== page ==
Will Ravenstein

Wellington Daily News

Wellington residents were treated to their first up close meeting with the candidates Thursday, July 20, at the Raymond Frye Complex.

A forum was hosted by the Women for Kansas - Sumner County, Wellington Area Chamber of Commerce and Sumner County Economic Develop, where the candidates were given five minutes to introduce themselves and give a response to two issues currently affecting their position in which they were vying for.

The five candidates for the Wellington USD 353 School Board, that will appear on the November ballot, went first. Followed by 10 of the 11 candidates that are competing for the three Wellington City Council positions.

The final group of candidates to make their way to the podium where two of the four candidates looking to become a member of the Cowley College Board of Trustees.

With the primary election being held for two of the races, Sumner County Clerk and Elections Officer, Debra Norris opened the event with important dates for citizens to remember, to include when advance ballots for mail ins began. Advance voting in the Sumner County Clerks Office is from Tuesday, July 25 to noon on Monday, July 31.

In the Board of Trustees race, the county will choose who they would like to see move on to the general election in November, with the top-two candidates moving forward.

On the other hand, only residents of Wellington will vote on the City Council positions. Each voter will be allowed to cast a vote for up to three persons, with the top-six moving to the general election Nov. 7.

Norris also talked about the legislation that passed in the state affecting elections in Sumner County.

“First piece is moving the city schools election to the fall,” she said. “This will be our first election for the city school elections. The oath for those offices will be in January. The second piece of legislation created a new trustee for the Cowley College Board of Trustees.”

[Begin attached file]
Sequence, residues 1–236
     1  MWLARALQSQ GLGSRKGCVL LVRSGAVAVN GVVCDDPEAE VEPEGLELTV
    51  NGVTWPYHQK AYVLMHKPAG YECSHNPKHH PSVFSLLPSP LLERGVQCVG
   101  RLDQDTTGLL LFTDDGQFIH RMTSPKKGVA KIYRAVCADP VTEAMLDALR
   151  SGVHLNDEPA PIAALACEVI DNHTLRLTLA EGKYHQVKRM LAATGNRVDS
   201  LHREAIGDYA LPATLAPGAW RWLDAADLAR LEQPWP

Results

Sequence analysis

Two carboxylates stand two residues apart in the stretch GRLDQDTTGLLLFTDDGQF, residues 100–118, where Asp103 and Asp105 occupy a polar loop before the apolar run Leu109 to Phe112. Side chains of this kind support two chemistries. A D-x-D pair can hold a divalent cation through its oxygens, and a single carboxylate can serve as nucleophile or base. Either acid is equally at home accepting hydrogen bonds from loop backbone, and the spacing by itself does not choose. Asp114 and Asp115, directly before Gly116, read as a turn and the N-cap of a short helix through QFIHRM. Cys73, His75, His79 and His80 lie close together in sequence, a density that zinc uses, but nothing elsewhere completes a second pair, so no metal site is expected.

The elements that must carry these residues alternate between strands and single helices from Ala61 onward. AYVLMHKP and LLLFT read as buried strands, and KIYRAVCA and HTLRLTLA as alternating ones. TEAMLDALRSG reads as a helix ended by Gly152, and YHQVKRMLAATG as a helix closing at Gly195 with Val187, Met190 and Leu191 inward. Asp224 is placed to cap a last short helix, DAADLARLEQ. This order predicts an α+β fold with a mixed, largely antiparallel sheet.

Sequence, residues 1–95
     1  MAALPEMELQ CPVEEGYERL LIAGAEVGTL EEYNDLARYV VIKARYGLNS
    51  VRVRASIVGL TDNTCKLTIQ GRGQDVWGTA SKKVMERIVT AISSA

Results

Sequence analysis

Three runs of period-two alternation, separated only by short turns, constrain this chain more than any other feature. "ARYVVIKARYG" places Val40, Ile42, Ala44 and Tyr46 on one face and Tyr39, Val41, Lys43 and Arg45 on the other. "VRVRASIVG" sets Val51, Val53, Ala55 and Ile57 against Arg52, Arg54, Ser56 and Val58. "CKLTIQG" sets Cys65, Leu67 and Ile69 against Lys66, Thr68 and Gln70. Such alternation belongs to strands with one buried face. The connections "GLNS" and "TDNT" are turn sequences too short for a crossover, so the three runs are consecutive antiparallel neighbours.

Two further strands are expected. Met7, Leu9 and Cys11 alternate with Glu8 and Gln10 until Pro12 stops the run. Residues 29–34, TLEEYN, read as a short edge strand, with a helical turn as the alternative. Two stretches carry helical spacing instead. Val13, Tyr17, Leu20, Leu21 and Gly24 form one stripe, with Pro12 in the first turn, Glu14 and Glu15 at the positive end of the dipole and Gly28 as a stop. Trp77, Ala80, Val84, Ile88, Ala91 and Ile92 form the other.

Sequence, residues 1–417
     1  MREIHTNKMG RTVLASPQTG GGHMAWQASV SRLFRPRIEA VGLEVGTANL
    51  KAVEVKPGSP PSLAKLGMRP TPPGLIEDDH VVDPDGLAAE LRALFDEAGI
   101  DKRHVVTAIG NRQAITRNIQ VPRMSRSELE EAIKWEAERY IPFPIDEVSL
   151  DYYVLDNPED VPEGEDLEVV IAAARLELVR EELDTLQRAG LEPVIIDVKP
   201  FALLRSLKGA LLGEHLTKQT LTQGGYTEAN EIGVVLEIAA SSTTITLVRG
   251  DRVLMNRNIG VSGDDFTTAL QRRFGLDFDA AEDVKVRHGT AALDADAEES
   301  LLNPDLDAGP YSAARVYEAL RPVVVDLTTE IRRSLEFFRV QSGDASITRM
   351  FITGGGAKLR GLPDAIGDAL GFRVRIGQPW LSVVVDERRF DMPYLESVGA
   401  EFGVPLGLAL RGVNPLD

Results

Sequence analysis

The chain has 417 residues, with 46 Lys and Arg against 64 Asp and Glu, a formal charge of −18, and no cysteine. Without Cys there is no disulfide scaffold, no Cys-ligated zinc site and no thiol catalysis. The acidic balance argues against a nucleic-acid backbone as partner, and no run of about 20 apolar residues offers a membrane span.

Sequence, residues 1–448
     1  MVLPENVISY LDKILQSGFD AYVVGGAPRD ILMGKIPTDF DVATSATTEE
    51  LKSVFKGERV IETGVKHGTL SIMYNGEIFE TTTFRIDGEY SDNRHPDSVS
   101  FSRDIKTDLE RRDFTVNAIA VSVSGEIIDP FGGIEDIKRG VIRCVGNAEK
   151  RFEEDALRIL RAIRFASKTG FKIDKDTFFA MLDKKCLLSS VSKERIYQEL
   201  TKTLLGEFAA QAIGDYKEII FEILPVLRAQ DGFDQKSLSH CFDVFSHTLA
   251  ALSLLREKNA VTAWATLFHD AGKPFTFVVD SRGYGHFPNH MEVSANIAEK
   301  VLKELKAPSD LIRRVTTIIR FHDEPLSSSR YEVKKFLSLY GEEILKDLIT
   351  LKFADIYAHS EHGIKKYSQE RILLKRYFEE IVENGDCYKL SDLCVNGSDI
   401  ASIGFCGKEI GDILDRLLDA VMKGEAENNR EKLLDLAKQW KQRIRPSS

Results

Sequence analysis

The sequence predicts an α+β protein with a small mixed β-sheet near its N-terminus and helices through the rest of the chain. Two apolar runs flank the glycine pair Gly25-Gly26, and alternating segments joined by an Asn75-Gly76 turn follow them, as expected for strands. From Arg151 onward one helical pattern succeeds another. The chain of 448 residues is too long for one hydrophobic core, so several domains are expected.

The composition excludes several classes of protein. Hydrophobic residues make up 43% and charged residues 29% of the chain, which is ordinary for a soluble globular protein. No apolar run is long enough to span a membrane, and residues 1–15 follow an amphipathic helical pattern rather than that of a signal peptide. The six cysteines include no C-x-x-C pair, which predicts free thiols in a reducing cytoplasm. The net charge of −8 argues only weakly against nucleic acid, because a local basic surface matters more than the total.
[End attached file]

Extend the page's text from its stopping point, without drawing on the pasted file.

The polls open throughout the county at 7 a.m. on Tuesday Aug. 1, and close at 7 p.m.

The crowd that gathered to hear the candidates speak heard messages from each candidate on the two biggest issued and how they would solve them.

Many stated, in the council race, that local economy and the status of the Sumner Regional Medical Center were issues they would like to see fixed.

This similar platform among the candidates could make the decision process harder for some local residents.

“I think it makes it harder,” Pastor Michael Nelson said. “It probably does make it harder until you get to know the candidate. Our issues are really much the same, if you go across the board with what they are saying.”

Nelson stated that he will take time to learn about candidates more.

“Just learning about their attitudes and hearts, to see if they were in this for themselves or for the community,” he said.

Michelle Schlitz, Women for Kansas, emphasized that the candidates all did a great job, and their focus on Sumner Regional Medical Center is an important one for Wellington.

“ It’s very important, and I’m glad to see that the candidates realize that,” she said. “That all of them realize it’s an important thing. Communities don’t thrive if they don’t have healthcare. They don’t have doctors, they don’t have a hospital, people won’t live in those communities.”